Self-knowledge is more complex than personal insight and self-understanding. It is a form of knowledge itself. Also, it is the balance of the spiritual self with the world. Through this principle, we learn that we are uniquely created with individual capacities and understandings. Tagore also offers aesthetic advice specifically regarding music and poetry, two intricately interwoven forms. “They who are seers, seek to express the universe in terms of music,” he writes in “The Realization of Beauty” [p 191]. “There must be a complete idea that animates a poem,” Tagore also writes [p 208]. The arts strive for harmony and balance, seeking to bridge within and without.
In the closing statements of Sadhana, Tagore suggests that “joy is knowledge in its completeness” [p 210]. The purpose of self-realization is the union with the Creator, understand His Creation, and develop a harmonic sense with the external world. “There is the eternal play of love in the relation between this being and the becoming, and in-depth of this mystery is the source of all truth and beauty that sustains the endless march of creation” [p 206]. This summarizes the critical development and progress of ideas in Sadhana.
In Sengupta’s preamble, he highlights Tagore’s intimate friendship with Bhupendranath Sanyal. By extensively quoting letters written by Tagore, Sengupta contextualizes the journey of the great sage. Tagore writes in a letter dated 21 April 1903, “I would like to conclude my worldly journey if I can secure your companionship.” Sengupta provides the reader with the additional insight that Tagore’s sagely journey involved such contemporaries as Sanyal and study of the scriptures. We are reminded that people need one another: intimate and secure contacts and exchanges. In our era of the Great Reset, this important characteristic of human nature should not be violated. Tagore’s wisdom throughout Sadhana explains precisely why humans are unique, in need of one another in their spiritual journeys and pursuit of the beautiful. This volume, though classic, is vital to the conditions we face today. The forces of selfish power-lust and evil are trampling our humanity and pursuit of love. When the Self replaces God, the lust for power assumes priority, and harmony between the internal and external world is thrown asunder. CLASSIX, an imprint of Hawakal Publishers, is wise to remind us now of these texts through republication.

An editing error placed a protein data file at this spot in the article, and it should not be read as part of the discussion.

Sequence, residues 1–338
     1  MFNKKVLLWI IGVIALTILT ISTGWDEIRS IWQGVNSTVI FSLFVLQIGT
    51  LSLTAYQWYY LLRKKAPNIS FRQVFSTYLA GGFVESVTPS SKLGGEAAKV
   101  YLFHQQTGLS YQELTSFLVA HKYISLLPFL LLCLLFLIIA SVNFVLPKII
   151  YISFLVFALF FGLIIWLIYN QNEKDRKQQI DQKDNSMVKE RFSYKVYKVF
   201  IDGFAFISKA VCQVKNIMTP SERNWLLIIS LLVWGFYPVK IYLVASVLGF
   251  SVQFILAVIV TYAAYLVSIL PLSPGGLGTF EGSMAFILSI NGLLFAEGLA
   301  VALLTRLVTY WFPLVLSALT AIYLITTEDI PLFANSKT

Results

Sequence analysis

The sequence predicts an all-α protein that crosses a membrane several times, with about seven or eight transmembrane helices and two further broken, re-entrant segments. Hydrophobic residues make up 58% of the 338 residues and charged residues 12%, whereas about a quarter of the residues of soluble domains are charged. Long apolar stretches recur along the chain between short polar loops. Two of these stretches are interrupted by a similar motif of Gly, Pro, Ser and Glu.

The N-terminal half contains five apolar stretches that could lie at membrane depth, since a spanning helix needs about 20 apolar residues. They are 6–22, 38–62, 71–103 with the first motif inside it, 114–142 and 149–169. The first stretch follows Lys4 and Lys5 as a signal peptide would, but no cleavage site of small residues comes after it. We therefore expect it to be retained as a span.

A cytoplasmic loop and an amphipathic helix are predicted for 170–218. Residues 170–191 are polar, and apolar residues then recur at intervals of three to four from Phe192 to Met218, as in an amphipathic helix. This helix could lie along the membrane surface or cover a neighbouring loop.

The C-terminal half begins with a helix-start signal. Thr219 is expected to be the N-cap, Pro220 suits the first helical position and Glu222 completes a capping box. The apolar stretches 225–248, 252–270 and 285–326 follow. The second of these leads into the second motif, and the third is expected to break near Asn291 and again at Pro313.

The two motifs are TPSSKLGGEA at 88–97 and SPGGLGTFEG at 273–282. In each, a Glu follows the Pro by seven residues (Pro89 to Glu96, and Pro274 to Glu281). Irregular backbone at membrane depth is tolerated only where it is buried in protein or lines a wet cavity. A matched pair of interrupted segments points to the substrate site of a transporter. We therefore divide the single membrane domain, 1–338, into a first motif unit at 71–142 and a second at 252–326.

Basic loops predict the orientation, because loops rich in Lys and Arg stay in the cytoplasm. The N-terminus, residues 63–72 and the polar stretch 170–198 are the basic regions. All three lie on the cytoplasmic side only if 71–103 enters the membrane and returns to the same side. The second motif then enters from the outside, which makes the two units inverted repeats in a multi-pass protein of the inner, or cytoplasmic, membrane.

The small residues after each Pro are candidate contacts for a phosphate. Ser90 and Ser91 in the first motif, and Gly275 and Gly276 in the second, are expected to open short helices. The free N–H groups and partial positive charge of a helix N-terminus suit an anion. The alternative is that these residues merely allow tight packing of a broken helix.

Dustin Pickering is founder of Transcendent Zero Press and editor-in-chief of Harbinger Asylum. He featured for Houston’s popular reading series Public Poetry in 2013 and was a Special Guest Poet for Austin International Poetry Festival that same year. He was shortlisted at Adelaide Literary Journal’s short story competition in 2017.